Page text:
Nutrition Support Blog: Skeletal Muscle Wasting in Critical Illness

Posted by SF8N at Nov 07, 2013 02:35 PM |

November 7, 2013

Nutrition Support Blog:  Skeletal Muscle Wasting in Critical Illness

by Joe Krenitsky, MS, RD

Survival is only the first part of the battle that confronts critically ill patients.  There is increased recognition that loss of skeletal muscle and muscle weakness in the ICU is an enormous issue for patients and our whole healthcare system. Muscle weakness during and after critical illness delays weaning from mechanical ventilation, prolongs recovery, compromises functional status and increases the need for rehabilitation after hospitalization.  Muscle breakdown during critical illness contributes to weakness and the loss of functional status that can last for many months after recovery from the initial insult.  Elderly patients are particularly susceptible to muscle wasting, take much longer to recover, and are more likely to lose independence or suffer falls or other injury when muscle wasting occurs.  Recognition of the vast resources that will be required to rehabilitate the survivors of critical illness has spurred research into the mechanisms of muscle loss, with the hope of developing therapies that will prevent or help restore muscle mass.

A new study published in the Journal of the American Medical Association investigated muscle metabolism and the mechanisms that cause muscle wasting in critical illness.1  http://jama.jamanetwork.com/article.aspx?articleid=1752755

The researchers found that that muscle biopsies revealed that muscle breakdown was significantly greater than suggested by ultrasound measurement of muscles.  Ultrasound of the thigh muscles on day 7 reflected a 10.9% decrease in cross section, but the biopsy demonstrated nearly 29.5% decrease (via protein to DNA ratio).  The investigators found that muscle protein synthesis was severely decreased on day 1, but increased to that of a healthy fed person by day 7. 

One puzzling aspect of the study is the nutrition component.  The article reports that NG feeding was started in 9 of the 11 patients on day 1, and in all of the patients by day 7.  The results mention that the decrease in the rectus femoris muscle at day 10 was positively associated with the total protein delivered during the study period.  The clinical implications section mentions the association between increased protein delivery with increased muscle loss, and in the video presentation (see below), one investigator suggests that we must rethink continuous delivery of nutrition support in the ICU.  http://jama.jamanetwork.com/multimediaPlayer.aspx?mediaid=6068893

However, the paper and supplemental tables do not provide any details about the amount of calories or protein delivered to the patients.  There is copious data that ICU patients routinely receive only a portion of ordered enteral nutrition, especially during the first days of admission (see our October e-journal club).  There is no way to know how much protein patients actually received or how the amount of protein provided compared to the size of the patients (grams/kg, rather than absolute amounts), or existing nutrition status between patients – especially critical considering the very small number of patients studied.  Most importantly, patients were not randomized to different amounts of nutrition, or to different regimens (continuous or otherwise), so no cause and effect statements can be made regarding nutrition delivery and muscle loss.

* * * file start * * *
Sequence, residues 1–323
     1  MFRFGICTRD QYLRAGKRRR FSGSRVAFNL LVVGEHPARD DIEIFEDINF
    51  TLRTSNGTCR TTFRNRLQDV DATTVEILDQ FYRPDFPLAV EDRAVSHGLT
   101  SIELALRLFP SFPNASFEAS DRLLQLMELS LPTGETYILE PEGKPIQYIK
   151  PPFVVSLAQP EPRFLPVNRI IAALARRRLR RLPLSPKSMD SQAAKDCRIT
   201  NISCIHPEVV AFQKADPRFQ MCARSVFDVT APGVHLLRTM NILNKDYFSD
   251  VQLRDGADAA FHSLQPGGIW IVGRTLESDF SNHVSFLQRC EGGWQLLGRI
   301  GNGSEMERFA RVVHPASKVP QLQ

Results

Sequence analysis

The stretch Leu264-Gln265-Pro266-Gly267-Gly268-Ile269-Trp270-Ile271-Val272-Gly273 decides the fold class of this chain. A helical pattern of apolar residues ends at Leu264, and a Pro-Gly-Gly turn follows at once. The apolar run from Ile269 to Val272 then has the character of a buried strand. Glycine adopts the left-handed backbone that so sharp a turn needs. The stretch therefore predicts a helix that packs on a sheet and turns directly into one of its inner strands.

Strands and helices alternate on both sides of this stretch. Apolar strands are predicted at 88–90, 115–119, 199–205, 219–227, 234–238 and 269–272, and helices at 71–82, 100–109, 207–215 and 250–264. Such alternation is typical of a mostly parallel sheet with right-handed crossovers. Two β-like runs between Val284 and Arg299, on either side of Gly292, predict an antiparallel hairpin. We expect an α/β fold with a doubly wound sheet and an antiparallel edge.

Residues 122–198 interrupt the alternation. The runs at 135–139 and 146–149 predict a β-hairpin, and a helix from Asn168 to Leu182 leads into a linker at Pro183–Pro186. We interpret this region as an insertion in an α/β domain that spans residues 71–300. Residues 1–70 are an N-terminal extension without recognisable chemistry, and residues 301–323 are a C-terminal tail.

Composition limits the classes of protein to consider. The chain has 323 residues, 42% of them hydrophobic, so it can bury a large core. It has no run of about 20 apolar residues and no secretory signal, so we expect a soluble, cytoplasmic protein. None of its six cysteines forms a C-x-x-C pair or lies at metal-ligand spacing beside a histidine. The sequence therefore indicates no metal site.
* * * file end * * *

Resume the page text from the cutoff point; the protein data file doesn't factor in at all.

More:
It is not particularly surprising that muscle protein synthesis was decreased on day 1 of critical illness.  After all, the “ebb” phase of critical illness was described in 1932.2 The priority of the body in the initial stage of illness is increased hepatic protein synthesis of acute phase reactants3, which was not measured at all in this study.  Negative nitrogen balance during the first week of critical illness has been repeatedly demonstrated over the past 30 years.  It is also not surprising that muscle protein synthesis was increased on day 7, when the initial shock phase of illness had subsided, insulin resistance was less intense, and perhaps, nutrition support was provided in increased amounts. 

Although research is increasing our insights into muscle breakdown, it may not be possible, or even desirable to affect muscle breakdown in the earliest, most intense phase of critical illness.  We may find that this early cell breakdown process is essential for removing damaged intracellular components, and preparing for recovery.  Providing full nutrition may be most important in the later, recovery period of illness.  After all, to a well-organized mind, catabolism is but the first step on the path to anabolism.*

  

“The worst pain a man can suffer: to have insight into much and power over nothing”                                    - Herodotus 484-425 BC

 

 *borrowed (and very badly paraphrased) from JK Rowling

 

References:

1.   Puthucheary ZA, Rawal J, McPhail M, et al.  Acute skeletal muscle wasting in critical illness.  JAMA. 2013 Oct 16; 310(15):1591-600.

2.   Cuthbertson DP. Observations on the disturbance of metabolism produced by injury to the limbs. Q J Med 1932; 1: 233–246

3.   Gabay C, Kushner I.  Acute-phase proteins and other systemic responses to inflammation.  N Engl J Med. 1999; 340(6):448-454.

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